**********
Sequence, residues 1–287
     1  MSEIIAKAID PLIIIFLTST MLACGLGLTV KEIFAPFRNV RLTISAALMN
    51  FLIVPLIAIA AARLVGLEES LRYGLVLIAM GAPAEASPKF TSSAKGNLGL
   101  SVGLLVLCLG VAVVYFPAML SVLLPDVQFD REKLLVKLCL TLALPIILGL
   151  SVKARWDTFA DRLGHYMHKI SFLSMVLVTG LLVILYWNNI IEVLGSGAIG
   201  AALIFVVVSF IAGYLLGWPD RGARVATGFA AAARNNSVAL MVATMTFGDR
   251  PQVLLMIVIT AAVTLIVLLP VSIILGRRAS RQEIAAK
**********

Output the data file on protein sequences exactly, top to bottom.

Sequence, residues 1–287
     1  MSEIIAKAID PLIIIFLTST MLACGLGLTV KEIFAPFRNV RLTISAALMN
    51  FLIVPLIAIA AARLVGLEES LRYGLVLIAM GAPAEASPKF TSSAKGNLGL
   101  SVGLLVLCLG VAVVYFPAML SVLLPDVQFD REKLLVKLCL TLALPIILGL
   151  SVKARWDTFA DRLGHYMHKI SFLSMVLVTG LLVILYWNNI IEVLGSGAIG
   201  AALIFVVVSF IAGYLLGWPD RGARVATGFA AAARNNSVAL MVATMTFGDR
   251  PQVLLMIVIT AAVTLIVLLP VSIILGRRAS RQEIAAK